Date of Award
Restricted Access Dissertation
Doctor of Philosophy (PhD)
In the past twenty years, scholars on the Left have attempted to explain a turn to conservatism and an accompanying melancholy within American Modernism during the canonization of its literary texts, or they have attempted to "recover" the once-thriving but now repressed political energies of Leftist literary texts. These projects raise questions about the validity of the conservative literary history we have received, but they also raise questions about the subjectivity and legitimacy of revisionist histories. They participate in a key assumption of cultural studies that textual interpretations and historiography are inescapably subjective activities, and they treat all texts and history-as-it-may-have-happened as "things in themselves" that can never be known. This dissertation challenges those philosophical assumptions of contemporary postmodern theory by locating them within the continuum of capitalist ideology.
We need an anti-humanist, dialectical methodology that can escape the subjective interpretive codes and practices of liberal humanism to write a more objective literary history, to explain the turn to conservative melancholy in American Modernism, and to level the ideological field between Left and Right. Both conservative and progressive writers, such as T. S. Eliot, Ezra Pound, and Carl Sandburg, aimed at such a scientific knowledge, but they did not understand the limits of their own formal aesthetics. However, some literary texts within Modernism manifest just such a methodology and produce a scientific knowledge of capitalist ideology and its self-conscious literary forms. A decade before Bertolt Brecht developed his Verfremdungseffekt (or "alienation effect"), Sarah N. Cleghorn, Anna Louise Strong, and F. Scott Fitzgerald (in his short story "Winter Dreams") wrote dialectical metafiction, a literary form that reproduces the ideological forms of consciousness while contextualizing them within determinate levels of material and ideological production, and they challenge heretofore subjective ways of understanding American Modernism.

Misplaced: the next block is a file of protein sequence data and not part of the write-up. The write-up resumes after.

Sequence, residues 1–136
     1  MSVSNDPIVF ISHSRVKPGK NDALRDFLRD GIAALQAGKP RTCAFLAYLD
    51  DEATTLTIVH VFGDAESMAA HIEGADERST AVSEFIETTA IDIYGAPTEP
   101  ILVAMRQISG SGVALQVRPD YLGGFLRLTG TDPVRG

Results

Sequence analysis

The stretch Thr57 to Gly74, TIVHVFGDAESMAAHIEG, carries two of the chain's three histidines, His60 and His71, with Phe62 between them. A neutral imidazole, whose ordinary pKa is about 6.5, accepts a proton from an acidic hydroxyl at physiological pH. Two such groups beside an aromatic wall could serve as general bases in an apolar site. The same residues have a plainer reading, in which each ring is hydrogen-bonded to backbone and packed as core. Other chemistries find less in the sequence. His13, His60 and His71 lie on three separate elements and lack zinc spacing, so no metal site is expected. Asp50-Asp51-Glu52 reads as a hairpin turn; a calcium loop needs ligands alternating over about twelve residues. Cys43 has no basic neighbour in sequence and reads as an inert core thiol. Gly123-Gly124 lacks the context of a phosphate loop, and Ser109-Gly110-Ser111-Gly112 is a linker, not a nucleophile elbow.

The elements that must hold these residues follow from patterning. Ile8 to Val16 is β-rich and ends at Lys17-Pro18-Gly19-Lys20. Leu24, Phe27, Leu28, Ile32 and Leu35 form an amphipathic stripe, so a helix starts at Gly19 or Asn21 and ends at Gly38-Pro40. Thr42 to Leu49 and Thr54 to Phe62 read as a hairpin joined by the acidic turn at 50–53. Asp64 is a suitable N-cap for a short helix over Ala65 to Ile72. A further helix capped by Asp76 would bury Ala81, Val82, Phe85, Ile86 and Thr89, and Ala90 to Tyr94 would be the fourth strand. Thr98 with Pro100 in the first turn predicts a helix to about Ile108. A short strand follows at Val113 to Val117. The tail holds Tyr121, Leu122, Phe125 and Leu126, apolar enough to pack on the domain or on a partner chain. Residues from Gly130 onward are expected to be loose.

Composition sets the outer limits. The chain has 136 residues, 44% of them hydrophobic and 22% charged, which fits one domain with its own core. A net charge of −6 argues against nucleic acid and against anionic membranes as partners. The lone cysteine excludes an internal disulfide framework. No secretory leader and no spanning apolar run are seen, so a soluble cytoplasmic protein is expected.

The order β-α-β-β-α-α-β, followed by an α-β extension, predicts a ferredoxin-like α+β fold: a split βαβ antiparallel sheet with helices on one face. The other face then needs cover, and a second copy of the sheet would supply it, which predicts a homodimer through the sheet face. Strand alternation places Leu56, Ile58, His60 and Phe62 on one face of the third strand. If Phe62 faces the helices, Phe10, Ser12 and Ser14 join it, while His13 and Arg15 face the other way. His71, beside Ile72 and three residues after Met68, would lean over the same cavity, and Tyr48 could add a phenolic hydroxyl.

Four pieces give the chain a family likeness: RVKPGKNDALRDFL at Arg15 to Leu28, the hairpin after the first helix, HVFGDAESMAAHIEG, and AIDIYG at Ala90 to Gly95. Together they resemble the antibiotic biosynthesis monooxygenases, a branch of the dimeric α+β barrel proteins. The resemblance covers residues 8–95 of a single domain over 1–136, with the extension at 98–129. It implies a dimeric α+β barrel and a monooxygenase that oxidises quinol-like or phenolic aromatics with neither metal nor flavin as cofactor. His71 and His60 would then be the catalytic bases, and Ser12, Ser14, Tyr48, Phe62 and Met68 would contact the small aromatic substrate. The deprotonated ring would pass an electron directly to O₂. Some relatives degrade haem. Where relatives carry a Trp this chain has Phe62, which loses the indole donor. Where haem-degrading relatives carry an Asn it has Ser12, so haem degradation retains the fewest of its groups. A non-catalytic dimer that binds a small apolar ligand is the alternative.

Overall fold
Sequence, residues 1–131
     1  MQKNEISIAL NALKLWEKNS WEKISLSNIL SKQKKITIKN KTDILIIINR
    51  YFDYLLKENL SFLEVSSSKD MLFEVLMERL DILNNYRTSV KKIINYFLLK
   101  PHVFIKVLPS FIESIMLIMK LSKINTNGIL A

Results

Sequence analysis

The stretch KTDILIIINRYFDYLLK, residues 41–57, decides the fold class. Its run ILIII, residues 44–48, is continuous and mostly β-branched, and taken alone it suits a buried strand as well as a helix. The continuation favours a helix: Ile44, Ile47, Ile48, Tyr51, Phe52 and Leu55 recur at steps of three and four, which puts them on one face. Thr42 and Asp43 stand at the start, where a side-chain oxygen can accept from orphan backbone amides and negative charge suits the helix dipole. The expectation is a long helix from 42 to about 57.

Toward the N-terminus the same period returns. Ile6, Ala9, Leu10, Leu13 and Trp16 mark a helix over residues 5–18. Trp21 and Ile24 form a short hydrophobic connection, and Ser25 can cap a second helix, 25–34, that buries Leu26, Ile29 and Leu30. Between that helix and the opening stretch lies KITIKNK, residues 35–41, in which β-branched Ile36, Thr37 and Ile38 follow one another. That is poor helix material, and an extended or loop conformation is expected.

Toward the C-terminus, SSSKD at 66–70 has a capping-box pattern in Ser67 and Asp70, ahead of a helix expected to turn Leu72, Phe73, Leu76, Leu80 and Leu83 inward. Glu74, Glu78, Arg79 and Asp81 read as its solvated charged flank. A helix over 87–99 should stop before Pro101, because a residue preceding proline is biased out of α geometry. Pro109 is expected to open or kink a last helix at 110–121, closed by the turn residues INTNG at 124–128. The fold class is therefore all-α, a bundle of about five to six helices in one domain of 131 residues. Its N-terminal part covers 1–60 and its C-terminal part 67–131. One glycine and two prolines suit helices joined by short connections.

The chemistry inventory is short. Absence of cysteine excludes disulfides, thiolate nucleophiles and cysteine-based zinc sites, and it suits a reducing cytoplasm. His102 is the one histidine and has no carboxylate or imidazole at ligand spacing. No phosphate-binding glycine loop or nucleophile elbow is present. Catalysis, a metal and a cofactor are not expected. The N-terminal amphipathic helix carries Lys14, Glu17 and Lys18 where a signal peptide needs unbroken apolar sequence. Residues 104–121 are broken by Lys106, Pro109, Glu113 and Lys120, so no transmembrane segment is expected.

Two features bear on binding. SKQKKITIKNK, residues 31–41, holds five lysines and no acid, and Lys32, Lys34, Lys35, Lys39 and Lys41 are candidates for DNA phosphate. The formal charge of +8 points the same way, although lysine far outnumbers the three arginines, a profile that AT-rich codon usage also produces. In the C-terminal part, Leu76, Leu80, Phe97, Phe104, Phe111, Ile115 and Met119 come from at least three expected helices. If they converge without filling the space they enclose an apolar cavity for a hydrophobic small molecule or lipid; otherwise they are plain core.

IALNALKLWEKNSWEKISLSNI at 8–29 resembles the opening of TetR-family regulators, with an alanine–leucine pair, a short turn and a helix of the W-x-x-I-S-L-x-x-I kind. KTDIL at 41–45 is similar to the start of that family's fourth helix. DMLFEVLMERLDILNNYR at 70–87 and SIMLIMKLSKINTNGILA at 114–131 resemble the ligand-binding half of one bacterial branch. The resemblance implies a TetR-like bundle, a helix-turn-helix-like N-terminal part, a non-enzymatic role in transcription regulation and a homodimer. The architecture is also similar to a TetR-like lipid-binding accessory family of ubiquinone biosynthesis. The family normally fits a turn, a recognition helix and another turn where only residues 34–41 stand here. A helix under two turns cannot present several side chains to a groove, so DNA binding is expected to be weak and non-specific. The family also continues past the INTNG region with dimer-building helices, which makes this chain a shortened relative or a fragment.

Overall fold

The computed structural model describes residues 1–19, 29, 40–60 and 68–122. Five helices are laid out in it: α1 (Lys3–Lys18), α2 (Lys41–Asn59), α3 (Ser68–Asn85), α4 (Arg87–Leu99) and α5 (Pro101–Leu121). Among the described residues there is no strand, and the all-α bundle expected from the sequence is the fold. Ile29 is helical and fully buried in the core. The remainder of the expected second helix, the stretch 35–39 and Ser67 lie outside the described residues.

Randell, Timothy Michael, "Dialectical Metafiction and the Self-Conscious Subject of American Modernism" (2010). Dissertations. 37.
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Copyright © 2010 Timothy Michael Randell